We had a perfect morning for kayaking earlier in the week and, as usual, I could hear comments from my niece in the distance wondering if I had checked the winds in the forecast and why was I taking photos of my coffee mug again
instead of the wonderful sandhill crane dancing along the shore as it was being chased by red-winged blackbirds. On other outings she has kindly let me know when a crane had just flown right behind me as I was obsessed with obtaining a family portrait of the swans.
My niece has always been more about the kayaking than the birds, especially after watching how the swans look at me and being attacked by red-winged blackbirds,
but I finally have a birdwatching wingman after we joined the red-winged blackbirds chasing an eagle around the lake in what at times resembled flying scenes from Top Gun.
It was windier than expected with my kayak bouncing all over the place along with my Tamron 150-600mm lens and I heard my niece in the distance telling me to quit worrying about if any of my shots were going to turn out and start watching the birds (she’s officially now a birdwatcher). Of course, I had the wrong settings when I excitedly began capturing the scene, but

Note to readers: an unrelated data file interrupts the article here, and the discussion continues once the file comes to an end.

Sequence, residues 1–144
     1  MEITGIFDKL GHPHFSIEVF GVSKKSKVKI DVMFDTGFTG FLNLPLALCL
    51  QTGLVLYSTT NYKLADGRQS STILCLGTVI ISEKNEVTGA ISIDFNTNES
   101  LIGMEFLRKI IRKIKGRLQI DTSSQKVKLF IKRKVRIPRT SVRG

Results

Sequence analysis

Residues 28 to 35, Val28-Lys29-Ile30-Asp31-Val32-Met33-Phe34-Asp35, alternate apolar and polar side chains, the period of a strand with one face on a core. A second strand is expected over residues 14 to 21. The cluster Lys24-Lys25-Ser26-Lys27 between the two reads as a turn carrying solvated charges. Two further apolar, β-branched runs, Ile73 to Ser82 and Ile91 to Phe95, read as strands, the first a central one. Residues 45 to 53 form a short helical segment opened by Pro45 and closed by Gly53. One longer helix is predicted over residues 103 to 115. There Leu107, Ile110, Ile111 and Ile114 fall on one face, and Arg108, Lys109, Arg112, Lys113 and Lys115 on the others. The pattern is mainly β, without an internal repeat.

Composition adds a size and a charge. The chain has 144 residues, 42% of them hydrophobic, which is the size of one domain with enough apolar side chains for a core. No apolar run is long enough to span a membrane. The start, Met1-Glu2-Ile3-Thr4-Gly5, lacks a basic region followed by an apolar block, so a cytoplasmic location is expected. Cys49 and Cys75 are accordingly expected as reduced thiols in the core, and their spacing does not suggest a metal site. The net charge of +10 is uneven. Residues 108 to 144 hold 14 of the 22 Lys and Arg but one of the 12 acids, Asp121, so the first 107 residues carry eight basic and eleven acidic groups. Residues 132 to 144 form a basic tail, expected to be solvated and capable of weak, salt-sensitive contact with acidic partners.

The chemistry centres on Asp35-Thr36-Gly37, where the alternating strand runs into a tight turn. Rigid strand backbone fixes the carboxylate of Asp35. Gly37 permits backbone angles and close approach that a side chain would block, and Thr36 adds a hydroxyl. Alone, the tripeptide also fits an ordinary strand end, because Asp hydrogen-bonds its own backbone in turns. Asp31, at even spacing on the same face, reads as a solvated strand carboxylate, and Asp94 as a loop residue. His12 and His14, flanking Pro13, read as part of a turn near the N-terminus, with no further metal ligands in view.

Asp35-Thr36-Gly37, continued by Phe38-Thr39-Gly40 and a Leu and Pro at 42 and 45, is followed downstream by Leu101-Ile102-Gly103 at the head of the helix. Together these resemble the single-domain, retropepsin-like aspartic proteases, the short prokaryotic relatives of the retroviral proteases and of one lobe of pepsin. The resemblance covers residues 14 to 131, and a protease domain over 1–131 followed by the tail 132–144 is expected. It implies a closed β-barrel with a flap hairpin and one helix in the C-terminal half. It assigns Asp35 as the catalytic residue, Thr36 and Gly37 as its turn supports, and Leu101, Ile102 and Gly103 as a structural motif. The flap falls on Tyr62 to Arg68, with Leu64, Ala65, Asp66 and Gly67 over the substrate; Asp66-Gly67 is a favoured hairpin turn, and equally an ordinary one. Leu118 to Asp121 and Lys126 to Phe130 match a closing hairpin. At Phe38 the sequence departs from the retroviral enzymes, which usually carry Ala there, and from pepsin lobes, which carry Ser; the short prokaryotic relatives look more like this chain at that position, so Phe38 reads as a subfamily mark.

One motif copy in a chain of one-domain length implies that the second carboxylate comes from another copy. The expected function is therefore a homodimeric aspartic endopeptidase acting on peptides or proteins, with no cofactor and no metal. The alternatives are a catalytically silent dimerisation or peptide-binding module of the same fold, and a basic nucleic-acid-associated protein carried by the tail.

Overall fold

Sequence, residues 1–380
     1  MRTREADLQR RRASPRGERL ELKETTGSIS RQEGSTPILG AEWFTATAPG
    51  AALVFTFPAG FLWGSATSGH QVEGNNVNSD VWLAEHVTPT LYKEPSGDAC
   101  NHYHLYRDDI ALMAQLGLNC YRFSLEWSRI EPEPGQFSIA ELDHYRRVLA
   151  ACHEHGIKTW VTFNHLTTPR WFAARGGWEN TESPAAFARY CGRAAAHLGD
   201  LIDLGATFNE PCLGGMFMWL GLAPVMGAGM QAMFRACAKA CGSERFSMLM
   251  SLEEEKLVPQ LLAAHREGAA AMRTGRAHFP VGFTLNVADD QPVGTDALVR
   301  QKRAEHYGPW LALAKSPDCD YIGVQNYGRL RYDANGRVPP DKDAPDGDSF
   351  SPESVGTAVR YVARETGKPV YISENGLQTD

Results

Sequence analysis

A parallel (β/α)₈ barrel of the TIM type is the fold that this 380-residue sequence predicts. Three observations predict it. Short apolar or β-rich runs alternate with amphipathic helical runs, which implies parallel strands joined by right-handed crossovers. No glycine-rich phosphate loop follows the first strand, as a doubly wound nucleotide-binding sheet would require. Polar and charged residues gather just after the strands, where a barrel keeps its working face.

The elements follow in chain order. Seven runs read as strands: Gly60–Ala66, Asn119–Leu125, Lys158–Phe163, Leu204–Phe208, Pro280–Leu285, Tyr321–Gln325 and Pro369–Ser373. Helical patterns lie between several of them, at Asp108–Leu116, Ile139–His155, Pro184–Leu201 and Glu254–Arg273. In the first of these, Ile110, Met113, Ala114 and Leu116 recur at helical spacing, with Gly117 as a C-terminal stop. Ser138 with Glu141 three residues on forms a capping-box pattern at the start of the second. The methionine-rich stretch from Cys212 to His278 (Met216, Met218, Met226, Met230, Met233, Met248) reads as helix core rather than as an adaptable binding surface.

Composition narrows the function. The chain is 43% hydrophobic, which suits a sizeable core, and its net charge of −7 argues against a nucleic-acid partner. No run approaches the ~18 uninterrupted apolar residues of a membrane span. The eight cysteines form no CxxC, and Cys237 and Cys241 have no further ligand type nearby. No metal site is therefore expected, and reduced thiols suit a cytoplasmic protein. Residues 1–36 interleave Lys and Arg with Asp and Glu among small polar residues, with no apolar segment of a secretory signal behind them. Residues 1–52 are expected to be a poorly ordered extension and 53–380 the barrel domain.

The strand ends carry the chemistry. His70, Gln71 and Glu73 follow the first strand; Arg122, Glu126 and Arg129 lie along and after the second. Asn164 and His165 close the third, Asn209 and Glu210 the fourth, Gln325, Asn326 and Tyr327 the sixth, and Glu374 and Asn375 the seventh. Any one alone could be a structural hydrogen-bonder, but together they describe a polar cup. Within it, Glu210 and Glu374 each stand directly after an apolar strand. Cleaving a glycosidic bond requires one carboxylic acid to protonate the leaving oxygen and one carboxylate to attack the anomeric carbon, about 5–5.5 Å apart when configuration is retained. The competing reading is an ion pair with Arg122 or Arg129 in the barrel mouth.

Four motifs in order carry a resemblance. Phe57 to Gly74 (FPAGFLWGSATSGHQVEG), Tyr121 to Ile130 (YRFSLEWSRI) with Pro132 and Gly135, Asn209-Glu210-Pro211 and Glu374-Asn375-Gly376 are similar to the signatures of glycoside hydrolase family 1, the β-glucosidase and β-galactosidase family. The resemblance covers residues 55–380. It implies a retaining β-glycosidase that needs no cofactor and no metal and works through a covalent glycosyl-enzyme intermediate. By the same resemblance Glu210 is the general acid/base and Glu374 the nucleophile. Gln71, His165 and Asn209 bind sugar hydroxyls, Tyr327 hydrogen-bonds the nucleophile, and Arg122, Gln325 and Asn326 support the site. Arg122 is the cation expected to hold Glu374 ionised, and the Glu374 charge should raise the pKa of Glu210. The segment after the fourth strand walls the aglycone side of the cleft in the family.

luckily the chase went on for some time and the eagle was kind enough to keep circling the area long enough for me to adjust my settings in time to capture the red-winged blackbirds in pursuit.
The birds are very determined to keep everyone away from their nesting area and I had failed to warn my niece just how protective they were of their nests prior to them attempting to dive into her hair during her first time kayaking in the area.
We were able to watch the eagle’s evasive maneuvers, but
that often appeared to not be working as I swear the little birds were chirping “it’s time to buzz the tower.”
After about forty-five minutes the eagle stopped for a rest and tried to ignore the birds, and luckily I was able to stop and rest for a moment before I dropped the camera and paddle into the water, but there was no stopping the red-winged blackbirds.
I’m not sure what was finally shared between the birds when they came face-to-face, although I could picture the eagle saying “son, your ego is writing checks your body can’t cash.“
There were moments when I wondered if a friendship could develop
or an agreement, like with my birdwatching niece, that “you can be my wingman anytime,” but
I was quickly reminded that the red-winged blackbirds were never going to give up protecting their area and eventually
the eagle would be more than ready for a peaceful solo flight home.